It was just before this time that I first heard your name Mr Mandela. Stevie Wonder had dedicated a song to you and we were no longer allowed to listen to it or own it. Or even see Stevie Wonder on TV. There was outcry when a ‘Free Nelson Mandela’ poster was spotted in one of the children’s rooms in The Cosby Show. Luckily the programme never got banned, but that was usually the government’s knee jerk response. Anything that acknowledged you was usually banned. We were told (I’m not sure by who) that you were a dangerous terrorist that was determined to kill white people and that if you were ever freed, our country would turn into another Zimbabwe – a country run by a government that was giving white people a few days to leave the country before threatening them with violent eviction. We were scared of you Mr Mandela. As a young teenager, I was petrified that you may be freed and hurt us. Imagine my surprise as I began to hear stories about the hurt we were causing you and other black people. I can’t say I did anything about it as a young teenager but I do remember being angered. And imagine my surprise when I saw the smiling man waving alongside Winnie as you walked your first few steps to freedom.
After turning 16 I remember signing petitions against apartheid and forced conscription to the army, and being shouted at by family members when I told them – this meant I could be arrested. That strange military men could rock up at my family’s doorstep and arrest me for treason-like activity. They had my name and address. I could be on some sort of list. I was one of those who then backed down Mr Mandela. I was scared by what my government could do to me. A lot of us were. And perhaps that makes us cowards.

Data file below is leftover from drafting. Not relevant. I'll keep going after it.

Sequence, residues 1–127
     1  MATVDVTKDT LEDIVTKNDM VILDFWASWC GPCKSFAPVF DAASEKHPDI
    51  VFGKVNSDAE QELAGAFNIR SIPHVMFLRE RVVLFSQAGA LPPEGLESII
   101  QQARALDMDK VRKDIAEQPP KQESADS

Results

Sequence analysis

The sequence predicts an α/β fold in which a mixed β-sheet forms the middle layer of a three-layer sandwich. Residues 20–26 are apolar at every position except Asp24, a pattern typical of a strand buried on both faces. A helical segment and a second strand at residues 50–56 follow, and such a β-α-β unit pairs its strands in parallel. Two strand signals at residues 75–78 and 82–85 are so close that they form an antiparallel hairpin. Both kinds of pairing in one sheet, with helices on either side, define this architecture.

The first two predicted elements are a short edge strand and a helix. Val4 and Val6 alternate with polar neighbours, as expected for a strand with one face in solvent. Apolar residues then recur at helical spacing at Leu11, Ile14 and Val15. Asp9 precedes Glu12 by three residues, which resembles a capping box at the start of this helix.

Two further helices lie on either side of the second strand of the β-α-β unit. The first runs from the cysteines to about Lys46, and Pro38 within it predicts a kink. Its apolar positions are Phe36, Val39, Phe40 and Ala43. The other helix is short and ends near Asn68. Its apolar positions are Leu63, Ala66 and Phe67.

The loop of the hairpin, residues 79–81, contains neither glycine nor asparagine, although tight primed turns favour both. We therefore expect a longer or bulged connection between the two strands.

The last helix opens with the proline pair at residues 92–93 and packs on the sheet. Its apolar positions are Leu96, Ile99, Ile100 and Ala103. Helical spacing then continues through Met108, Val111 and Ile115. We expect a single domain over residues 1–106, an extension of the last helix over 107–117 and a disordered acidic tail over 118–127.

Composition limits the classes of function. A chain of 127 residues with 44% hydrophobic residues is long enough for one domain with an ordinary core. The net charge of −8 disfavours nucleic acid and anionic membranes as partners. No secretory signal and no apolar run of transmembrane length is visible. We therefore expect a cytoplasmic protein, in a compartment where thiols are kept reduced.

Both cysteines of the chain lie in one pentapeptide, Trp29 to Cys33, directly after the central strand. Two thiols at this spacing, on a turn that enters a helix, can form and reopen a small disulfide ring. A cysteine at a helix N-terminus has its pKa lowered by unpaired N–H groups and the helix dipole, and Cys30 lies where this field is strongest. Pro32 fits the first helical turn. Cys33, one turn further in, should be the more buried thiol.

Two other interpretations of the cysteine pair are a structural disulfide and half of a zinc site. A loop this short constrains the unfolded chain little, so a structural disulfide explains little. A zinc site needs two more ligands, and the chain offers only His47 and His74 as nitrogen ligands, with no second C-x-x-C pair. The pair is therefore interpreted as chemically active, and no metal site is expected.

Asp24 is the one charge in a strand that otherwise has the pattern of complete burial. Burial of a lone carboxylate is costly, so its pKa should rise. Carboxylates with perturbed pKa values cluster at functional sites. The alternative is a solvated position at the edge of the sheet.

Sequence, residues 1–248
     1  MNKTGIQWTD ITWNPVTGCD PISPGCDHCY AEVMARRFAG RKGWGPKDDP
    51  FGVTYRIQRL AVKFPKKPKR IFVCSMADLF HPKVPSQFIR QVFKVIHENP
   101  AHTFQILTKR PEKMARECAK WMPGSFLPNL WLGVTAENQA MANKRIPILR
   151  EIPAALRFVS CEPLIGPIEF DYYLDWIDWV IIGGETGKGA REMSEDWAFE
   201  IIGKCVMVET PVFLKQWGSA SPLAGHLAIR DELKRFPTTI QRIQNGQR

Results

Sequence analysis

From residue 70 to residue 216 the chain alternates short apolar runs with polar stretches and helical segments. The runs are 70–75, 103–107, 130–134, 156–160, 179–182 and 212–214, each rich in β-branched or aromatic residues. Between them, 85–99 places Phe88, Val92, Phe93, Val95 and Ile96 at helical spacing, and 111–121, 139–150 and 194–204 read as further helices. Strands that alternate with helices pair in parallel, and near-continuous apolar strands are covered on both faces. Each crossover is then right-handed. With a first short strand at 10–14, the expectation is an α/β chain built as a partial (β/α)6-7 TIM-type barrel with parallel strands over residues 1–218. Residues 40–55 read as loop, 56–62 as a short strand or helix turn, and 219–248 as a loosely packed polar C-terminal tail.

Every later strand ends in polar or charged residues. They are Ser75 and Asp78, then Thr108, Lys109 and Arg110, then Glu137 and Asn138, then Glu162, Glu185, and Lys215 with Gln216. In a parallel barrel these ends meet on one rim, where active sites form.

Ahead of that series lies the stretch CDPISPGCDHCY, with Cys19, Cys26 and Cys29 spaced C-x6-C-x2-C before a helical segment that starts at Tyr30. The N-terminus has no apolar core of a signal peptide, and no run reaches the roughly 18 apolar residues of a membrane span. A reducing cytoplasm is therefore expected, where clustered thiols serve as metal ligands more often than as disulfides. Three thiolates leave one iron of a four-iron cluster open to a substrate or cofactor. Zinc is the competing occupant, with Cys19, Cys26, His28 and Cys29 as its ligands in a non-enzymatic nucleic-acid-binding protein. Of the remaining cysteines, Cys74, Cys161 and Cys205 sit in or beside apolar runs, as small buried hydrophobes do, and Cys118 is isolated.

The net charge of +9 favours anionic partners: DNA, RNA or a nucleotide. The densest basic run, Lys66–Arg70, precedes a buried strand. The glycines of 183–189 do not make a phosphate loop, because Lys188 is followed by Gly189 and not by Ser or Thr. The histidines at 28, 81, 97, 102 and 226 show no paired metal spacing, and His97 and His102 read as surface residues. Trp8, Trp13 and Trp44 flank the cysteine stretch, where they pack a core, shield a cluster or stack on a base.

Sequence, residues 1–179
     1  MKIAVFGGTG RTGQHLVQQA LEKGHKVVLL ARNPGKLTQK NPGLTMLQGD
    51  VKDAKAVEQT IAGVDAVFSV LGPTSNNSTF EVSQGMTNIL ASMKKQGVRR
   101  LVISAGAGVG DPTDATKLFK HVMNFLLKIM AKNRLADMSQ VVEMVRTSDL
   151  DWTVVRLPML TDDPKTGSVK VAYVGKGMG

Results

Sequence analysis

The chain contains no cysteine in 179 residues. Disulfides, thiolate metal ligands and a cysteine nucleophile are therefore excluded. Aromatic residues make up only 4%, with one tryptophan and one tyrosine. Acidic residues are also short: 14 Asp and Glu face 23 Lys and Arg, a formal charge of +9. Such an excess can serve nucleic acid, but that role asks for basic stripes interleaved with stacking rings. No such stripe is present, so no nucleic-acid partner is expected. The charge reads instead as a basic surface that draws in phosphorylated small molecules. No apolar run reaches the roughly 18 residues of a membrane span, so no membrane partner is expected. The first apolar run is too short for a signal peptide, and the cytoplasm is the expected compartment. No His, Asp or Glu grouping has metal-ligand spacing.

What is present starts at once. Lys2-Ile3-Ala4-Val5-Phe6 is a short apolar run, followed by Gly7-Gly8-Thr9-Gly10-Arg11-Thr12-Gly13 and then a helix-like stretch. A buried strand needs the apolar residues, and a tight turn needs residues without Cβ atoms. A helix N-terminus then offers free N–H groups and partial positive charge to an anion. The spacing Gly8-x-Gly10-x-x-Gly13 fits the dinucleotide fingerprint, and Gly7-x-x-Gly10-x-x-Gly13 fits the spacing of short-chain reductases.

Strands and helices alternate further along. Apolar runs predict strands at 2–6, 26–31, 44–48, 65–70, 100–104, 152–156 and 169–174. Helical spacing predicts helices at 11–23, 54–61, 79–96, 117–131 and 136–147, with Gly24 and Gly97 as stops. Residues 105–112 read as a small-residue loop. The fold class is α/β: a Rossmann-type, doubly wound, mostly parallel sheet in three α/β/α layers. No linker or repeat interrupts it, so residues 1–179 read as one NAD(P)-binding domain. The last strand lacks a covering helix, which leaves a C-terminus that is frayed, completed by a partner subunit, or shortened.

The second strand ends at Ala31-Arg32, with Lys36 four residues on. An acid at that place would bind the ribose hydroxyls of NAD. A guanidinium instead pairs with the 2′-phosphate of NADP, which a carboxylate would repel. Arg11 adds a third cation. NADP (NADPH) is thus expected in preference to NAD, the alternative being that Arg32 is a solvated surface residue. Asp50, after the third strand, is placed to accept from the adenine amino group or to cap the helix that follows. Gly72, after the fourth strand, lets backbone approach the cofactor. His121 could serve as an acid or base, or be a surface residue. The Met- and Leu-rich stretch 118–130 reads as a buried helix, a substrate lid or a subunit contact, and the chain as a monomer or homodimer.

The day you were freed signaled a new start to all of us. We sat in front of our TVs and watched you walk slowly along, waving, triumphantly raising your fist in the air. The violent terrorist of my past emerged as a dignified man, dressed in a suit, with a warm smile for all of us. A smile that never stopped. A smile that won us all over.
Behind that smile was a strong leader that shielded us from so much heart ache. Heart ache for a past that hurt so many, all races, all South Africans, and that could have seen us tear each other apart. We miss having a strong leader Mr Mandela. Perhaps that’s why on a day like today we miss you so much more than we should. We need the hope you gave us, the confidence you inspired, and the desire to see a country united and moving forward with the best interests of all its people at heart. We miss a man with that vision in charge.
Mr Mandela, you changed my world. You changed a country from white to black. You changed a country from war to a semblance of peace. You led me out of a country that had me confused and part of hurt, and made me part of a country that had hope and was a shining example to the rest of the world. You initiated a constitution that removed discrimination, and as a gay man, I benefited from your leadership. I now live in a country where I can be married and have rights others in many other countries are denied.
So today as we remember your legacy, and stand in silence to remember you, I wanted to send you a few words. To show how far we’ve come. And to remember the past you led us out of. I don’t think we always remember where we were, and remember how grateful we must be for where we are.
For your leadership. Your words. Your energy. Your life.